This is a long-term neurological condition that affects roughly 10% of all school-aged children in the United States today.

Hyperactivity, distractibility, and impulsiveness are three types of behaviors associated with ADHD.
Counseling, behavioral treatment, and medication can all help to regulate certain behavioral tendencies.
Due to the fact that ADHD is linked to a chemical imbalance in the brain, drugs like hydrochloride and dextroamphetamine are required to treat it.

ADHD’s Causes

The fundamental cause of ADHD is unknown to the majority of professionals.
However, some people now believe that genetics plays a part.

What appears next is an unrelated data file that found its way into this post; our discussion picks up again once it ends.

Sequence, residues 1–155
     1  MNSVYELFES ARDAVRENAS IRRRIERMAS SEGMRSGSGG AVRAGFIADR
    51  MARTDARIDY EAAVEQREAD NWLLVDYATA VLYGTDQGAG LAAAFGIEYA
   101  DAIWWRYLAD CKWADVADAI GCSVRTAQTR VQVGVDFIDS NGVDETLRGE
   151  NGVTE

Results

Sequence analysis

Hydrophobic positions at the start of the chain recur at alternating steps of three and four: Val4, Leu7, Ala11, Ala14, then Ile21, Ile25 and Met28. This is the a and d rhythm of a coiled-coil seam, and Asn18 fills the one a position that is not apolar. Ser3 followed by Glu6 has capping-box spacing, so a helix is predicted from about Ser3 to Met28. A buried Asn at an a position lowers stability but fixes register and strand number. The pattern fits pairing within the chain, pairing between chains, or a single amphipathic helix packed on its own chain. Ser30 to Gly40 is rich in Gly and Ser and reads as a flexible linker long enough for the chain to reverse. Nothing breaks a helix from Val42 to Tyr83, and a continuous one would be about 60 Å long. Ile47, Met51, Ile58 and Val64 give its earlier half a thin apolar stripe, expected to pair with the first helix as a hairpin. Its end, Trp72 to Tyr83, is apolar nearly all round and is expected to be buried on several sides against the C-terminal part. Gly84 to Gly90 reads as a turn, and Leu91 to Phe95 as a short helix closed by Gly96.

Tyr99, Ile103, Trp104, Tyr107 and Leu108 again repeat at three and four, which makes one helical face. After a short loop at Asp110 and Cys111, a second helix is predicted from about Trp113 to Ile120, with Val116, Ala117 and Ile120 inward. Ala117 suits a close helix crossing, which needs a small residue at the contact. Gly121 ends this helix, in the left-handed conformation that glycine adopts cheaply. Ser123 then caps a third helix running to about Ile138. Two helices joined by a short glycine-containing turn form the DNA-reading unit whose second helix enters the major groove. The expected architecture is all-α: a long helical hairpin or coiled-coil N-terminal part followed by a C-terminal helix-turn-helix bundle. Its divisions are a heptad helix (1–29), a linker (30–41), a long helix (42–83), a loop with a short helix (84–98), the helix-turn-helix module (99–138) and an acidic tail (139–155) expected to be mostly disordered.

Some people believe that a person’s nutrition, as well as the therapy of this illness, can play a role.
ADHD may also be caused by a constant and growing intake of processed sugars, excessive carbs, and an abundance of artificial substances in food.

Some believe that a well-balanced diet can help cure ADHD more successfully.
Continuous medicine is merely a temporary fix for them.
Vitamins, minerals, phytonutrients, amino acids, essential fatty acids, phospholipids, and probiotics have all been demonstrated in studies to help with this illness.

Patients with ADHD have reduced quantities of fatty and amino acids in their bodies, according to several studies.
It has been demonstrated that a lack of fatty and amino acids can result in a variety of behavioral issues.
Drug supplementation or food control are the two ways to increase the amount of fatty acids and amino acids in your body.